1 “(It’s Time To) Beat Dat Beat” DJ Pauly D – I must confess until I came upon this list I had never heard of this song. Basically this guy seems to be a product of the ‘Jersey Shore’ TV show from the US. Well let’s face it, TV spin offs are often rubbish aren’t they and this is no exception, although I’m not sure it should be in the top ten, there are far worse songs out there. Just picture Anita Dobson singing “Anyone Can Fall In Love” to the Eastenders theme tune or Nick Berry (also off of Eastenders) with “Every Loser Wins“. I wonder what Brian May thought of Anita’s song?
2 “Who Let The Dogs Out?” Baha Men – I certainly agree with this one being in the list, I really dislike this song. Apparently when Victoria Beckham aka Posh Spice went into the players lounge at Old Trafford on one occasion when Goldenballs was still at Manchester United she and her entourage sang this to Jordan who was there because she was dating Andy Cole at the time. I’m not sure what Jordan responded with, but perhaps a mention of the fact that Posh Victoria is the only Spice Girl that has never had a solo number one in the UK would have been good!
3 “Ice Ice Baby” Vanilla Ice– So Ice always claimed that the bass line in this awful song was never ripped off from Bowie and Queen’s “Under Pressure”, does he think we’re stupid? This is the song which could have been the still birth of white rap, thankfully it wasn’t and Eminem rectified the crap that Vanilla Ice put out. Appropriately enough this was recently covered by the equally talentless X Factor pop muppets, Jedward and Vanilla Ice actually guested on it!That surely is some bad Karma isn’t it?
4 “She Bangs” Ricky Martin – I don’t thing I really agree with this one being here. It’s not my favourite song, nor is it as good as “Living La Vida Loca” but it’s ok. Ricky came to prominence as part of a Puerto Rican Boy Band, Menudo. Their policy was to replace the boys in the band when one of the following event’s happened; 1) Their voice broke, 2) They became too tall or 3) they reached the age of 16. As far as I know Ricky is the only Menudo old boy to achieve such massive success.
5 “Barbie Girl” – Aqua – Does anyone like this song? It’s awful and frankly somewhat pervy in places too. Mattel, who own the rights to Barbie took Aqua and MCA Records to court claiming that the song infringed their copyright and turned Barbie into a sex object. The song’s lyrics refer to Barbie as a ‘blonde bimbo’. Mattel lost the case as the song was deemed to be a genuine parody. The song topped the chart in at least 13 countries worldwide and even made it into the US top 10.
6 “U Can’t Touch This” MC Hammer – Well if you can get past his ridiculous fashion sense with those voluminous trousers then this isn’t too bad is it? The song heavily samples from Rick James’ “Super Freak“. Hammer went on to become a preacher in the 90s.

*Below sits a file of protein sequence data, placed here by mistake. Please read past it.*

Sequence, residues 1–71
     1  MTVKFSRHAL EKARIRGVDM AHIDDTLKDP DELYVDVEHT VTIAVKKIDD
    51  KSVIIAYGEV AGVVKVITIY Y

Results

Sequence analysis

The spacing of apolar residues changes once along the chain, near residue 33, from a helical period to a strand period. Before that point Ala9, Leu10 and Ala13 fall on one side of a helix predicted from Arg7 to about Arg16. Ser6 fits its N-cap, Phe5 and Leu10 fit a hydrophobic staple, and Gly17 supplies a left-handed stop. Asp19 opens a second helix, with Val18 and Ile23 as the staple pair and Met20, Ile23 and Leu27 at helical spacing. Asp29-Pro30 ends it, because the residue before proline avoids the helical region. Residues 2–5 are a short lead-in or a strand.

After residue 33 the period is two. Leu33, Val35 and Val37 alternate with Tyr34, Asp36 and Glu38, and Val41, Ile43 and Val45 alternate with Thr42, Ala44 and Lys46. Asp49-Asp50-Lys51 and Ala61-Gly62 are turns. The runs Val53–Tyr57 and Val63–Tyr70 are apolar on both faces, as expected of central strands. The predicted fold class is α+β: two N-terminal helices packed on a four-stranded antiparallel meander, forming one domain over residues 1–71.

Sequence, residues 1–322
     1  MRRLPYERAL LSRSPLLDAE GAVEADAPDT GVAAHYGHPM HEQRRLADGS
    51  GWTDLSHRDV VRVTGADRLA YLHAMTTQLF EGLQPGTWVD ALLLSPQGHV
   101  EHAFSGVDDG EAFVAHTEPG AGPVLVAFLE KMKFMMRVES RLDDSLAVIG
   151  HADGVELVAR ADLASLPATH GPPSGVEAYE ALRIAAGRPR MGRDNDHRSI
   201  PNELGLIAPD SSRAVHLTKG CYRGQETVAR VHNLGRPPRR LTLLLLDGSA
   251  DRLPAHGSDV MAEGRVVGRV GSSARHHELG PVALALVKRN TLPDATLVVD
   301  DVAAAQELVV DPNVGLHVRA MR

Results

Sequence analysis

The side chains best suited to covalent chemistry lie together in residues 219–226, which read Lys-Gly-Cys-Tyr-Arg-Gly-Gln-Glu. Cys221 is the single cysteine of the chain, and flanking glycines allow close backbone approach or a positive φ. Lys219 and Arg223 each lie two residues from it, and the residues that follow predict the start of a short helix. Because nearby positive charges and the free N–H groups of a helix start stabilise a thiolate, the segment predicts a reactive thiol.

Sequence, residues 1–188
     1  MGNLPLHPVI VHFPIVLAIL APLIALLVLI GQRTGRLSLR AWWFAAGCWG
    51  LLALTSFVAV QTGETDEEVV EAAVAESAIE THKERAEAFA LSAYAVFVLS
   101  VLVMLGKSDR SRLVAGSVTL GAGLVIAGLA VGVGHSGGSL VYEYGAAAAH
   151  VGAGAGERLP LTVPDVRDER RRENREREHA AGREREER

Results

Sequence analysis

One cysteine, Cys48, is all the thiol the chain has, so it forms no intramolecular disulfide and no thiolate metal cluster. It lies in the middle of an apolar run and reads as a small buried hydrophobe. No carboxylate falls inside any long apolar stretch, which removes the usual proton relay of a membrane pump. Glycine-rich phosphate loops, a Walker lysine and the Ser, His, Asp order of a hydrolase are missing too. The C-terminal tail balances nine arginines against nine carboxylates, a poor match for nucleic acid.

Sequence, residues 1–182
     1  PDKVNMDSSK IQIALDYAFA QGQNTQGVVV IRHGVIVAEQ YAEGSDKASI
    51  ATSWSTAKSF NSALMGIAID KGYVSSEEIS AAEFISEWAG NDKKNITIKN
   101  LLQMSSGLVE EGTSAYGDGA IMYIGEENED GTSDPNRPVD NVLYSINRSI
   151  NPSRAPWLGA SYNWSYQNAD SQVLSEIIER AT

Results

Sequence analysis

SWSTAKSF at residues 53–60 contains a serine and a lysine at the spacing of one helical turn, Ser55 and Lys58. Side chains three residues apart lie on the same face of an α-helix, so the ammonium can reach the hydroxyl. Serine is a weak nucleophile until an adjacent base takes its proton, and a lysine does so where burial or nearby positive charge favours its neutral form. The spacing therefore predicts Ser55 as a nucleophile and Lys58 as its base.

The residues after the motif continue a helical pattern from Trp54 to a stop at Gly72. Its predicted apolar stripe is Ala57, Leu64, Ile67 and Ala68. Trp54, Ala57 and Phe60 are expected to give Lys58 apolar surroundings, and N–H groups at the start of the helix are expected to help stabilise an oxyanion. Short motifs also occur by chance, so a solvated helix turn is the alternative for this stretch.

7 “I Am Woman” – Helen Reddy – Reddy was born in 1941 in Australia. She says that she wrote this song because she felt that there were no songs that reflected what the women’s liberation movements were trying to achieve. It went on to become a massive success in 1972 reaching number 1 in the US Chart. It isn’t one of my favourites, but I fail to see how it ended up in this list. Actually I always loved her song “Angie Baby”
8 “I’m Too Sexy” Right Said Fred – A formulaic disco song, sung by two shaven-headed/ bald well toned brothers; Richard and Fred Fairbrass. They had the classically stereotypical gay man look and I wonder whether this image was partly cultivated to broaden their market. This song smacks to me of being a classic one hit wonder. But strangely enough they went on to have quite a few hits, including a UK number one with “Deeply Dippy“. Meanwhile “I’m Too Sexy” actually reached number one in the US. The guys took their name from the Bernard Cribbins hit “Right Said Fred”
9 “Ebony And Ivory” Paul McCartney & Stevie Wonder – Paul was never my favourite Beatle and I’ve always loved Stevie, so when I read about this before it’s release I was quite excited. But then I heard it. Let’s face it, it’s crap isn’t it? Should be filed along with McCartney’s “Frog Chorus – We All Stand Together” and Stevie Wonder’s “I Just Called To say I Love You” and these two songs are so bad I think that they are actually bettered by “Ebony And Ivory”
10 “Macarena” Los Del Rio – This is one of those songs that no matter how much you hate it, it gets into your head and you just can’t get rid of it. I really dislike this tune and the stupid dance that goes with it.
In the 70’s Kenny Everett hosted a UK Radio Show called “Kenny Everett’s World’s Worst Record Show” featuring many truly atrocious recordings including “This Pullover” Jess Conrad.
My own worst song ever tends to vary depending upon my mood, however I nearly always goe back to “Billy Don’t Be A Hero” by Paper Lace or “Agadoo” by Black Lace or even “Angels” by Robbie Williams.